callum

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See also: Callum

Latin[edit]

Etymology[edit]

From Proto-Indo-European *kal (hard); see also Old Church Slavonic калити (kaliti, to harden, cool), Old Irish calath (hard), Sanskrit कलिका (kalikā, bud).

Alternative forms[edit]

Pronunciation[edit]

Noun[edit]

callum n (genitive callī); second declension

  1. A hard or thick substance.
  2. The hardened, thick skin upon animal bodies, hide.
  3. The hard skin or flesh of plants.
  4. The hard covering of soil.
  5. A callus, induration.
  6. (figuratively) Hardness, callousness, insensibility, stupidity.

Inflection[edit]

Second declension.

Case Singular Plural
nominative callum calla
genitive callī callōrum
dative callō callīs
accusative callum calla
ablative callō callīs
vocative callum calla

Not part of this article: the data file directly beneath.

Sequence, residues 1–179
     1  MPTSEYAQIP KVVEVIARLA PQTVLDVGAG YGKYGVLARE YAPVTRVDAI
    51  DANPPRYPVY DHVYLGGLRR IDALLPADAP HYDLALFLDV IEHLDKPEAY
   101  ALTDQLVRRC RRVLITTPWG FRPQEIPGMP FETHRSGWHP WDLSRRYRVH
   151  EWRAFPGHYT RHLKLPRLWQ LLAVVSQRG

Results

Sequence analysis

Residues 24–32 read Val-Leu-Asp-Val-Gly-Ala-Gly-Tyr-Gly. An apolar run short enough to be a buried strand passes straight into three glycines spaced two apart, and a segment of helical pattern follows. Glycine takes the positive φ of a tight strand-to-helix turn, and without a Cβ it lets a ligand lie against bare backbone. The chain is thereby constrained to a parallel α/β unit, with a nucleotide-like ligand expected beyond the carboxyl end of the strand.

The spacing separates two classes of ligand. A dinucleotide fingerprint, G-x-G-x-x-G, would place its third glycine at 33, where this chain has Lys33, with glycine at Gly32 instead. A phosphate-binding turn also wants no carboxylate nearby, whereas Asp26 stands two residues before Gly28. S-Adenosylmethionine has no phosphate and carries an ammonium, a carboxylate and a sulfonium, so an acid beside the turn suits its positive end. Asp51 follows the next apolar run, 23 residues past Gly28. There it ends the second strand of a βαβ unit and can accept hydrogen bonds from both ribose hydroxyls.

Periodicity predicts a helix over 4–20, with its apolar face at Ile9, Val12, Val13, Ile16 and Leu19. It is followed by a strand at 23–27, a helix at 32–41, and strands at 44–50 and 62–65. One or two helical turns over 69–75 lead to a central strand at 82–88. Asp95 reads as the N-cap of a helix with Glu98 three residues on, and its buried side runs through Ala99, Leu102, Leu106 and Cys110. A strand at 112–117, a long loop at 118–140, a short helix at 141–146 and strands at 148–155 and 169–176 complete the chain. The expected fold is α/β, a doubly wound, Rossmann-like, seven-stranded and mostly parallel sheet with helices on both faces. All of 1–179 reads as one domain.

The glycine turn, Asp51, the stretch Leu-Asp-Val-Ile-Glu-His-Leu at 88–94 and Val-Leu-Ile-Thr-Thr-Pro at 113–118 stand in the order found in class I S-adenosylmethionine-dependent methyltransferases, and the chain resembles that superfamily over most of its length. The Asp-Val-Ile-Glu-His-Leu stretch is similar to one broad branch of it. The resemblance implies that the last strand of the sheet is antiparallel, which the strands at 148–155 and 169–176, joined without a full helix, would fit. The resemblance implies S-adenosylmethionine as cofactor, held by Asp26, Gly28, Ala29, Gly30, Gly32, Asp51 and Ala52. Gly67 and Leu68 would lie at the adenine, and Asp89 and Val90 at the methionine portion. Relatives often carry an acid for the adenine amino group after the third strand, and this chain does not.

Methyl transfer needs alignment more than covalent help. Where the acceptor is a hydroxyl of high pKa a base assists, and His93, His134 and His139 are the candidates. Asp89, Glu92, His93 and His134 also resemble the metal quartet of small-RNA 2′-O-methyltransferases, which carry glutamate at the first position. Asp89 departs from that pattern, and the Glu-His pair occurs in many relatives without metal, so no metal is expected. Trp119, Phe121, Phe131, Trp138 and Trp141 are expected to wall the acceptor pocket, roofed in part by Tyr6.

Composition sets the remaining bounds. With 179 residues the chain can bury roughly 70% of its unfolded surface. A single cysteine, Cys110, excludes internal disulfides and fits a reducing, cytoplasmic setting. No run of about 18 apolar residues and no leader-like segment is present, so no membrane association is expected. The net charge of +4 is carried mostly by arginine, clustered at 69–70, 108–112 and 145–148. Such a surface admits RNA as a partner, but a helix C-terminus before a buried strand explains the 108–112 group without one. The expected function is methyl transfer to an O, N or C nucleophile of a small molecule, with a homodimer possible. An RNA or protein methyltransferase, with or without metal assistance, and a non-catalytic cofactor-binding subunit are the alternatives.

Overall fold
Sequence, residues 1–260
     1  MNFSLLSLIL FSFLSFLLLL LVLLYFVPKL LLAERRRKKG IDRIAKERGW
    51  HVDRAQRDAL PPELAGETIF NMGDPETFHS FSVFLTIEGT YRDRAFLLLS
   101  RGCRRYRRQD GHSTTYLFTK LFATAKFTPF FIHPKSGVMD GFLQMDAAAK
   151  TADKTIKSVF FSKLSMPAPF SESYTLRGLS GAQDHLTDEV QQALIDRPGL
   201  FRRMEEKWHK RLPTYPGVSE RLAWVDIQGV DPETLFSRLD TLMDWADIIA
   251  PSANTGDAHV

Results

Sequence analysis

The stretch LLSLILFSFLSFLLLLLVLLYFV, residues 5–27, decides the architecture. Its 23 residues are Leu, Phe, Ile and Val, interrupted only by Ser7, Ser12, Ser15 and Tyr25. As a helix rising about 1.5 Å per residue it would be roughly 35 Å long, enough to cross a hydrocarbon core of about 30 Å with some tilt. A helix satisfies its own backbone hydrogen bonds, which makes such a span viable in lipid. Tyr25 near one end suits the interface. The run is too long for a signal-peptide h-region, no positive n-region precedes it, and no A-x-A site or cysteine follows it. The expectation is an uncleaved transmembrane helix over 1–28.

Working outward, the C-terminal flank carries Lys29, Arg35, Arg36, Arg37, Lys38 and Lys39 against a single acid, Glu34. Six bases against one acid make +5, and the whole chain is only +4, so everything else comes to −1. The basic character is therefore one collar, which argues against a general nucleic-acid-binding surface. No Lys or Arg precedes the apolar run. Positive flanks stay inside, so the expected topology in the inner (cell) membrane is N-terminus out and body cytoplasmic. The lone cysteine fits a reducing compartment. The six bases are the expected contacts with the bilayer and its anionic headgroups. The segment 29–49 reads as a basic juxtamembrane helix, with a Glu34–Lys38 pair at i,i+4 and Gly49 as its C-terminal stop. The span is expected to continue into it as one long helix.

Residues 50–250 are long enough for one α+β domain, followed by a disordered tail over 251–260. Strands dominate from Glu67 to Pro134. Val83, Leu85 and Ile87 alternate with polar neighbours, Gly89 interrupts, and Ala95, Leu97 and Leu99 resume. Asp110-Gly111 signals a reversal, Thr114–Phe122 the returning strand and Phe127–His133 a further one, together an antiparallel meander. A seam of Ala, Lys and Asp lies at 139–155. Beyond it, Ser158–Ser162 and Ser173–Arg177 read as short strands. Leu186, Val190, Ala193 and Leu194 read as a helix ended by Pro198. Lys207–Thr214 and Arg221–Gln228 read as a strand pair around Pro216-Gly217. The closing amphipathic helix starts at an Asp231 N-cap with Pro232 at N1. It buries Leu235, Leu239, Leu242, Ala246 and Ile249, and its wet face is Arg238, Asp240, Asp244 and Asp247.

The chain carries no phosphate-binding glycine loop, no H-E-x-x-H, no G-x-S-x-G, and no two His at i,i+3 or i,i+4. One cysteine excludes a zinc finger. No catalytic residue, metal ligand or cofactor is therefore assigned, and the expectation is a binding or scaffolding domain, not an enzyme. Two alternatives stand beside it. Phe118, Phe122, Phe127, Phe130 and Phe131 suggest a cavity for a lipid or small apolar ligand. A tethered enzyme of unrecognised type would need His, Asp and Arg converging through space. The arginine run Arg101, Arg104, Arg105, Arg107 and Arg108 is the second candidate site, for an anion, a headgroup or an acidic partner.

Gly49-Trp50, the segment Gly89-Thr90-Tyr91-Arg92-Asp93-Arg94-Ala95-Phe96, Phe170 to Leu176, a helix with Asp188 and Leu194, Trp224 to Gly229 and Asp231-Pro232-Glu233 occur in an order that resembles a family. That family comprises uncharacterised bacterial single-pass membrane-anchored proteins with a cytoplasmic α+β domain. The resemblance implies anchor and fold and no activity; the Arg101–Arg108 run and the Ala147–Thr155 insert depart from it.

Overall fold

Synonyms[edit]

Derived terms[edit]

Related terms[edit]

Descendants[edit]

References[edit]

  • callum in Charlton T. Lewis and Charles Short (1879) A Latin Dictionary, Oxford: Clarendon Press
  • callum in Charlton T. Lewis (1891) An Elementary Latin Dictionary, New York: Harper & Brothers
  • du Cange, Charles (1883), “callum”, in G. A. Louis Henschel, Pierre Carpentier, Léopold Favre, editors, Glossarium Mediæ et Infimæ Latinitatis (in Latin), Niort: L. Favre
  • callum” in Félix Gaffiot’s Dictionnaire Illustré Latin-Français, Hachette (1934)
  • Carl Meissner; Henry William Auden (1894) Latin Phrase-Book[1], London: Macmillan and Co.
    • to render insensible to pain: callum obducere dolori (Tusc. 2. 15. 36)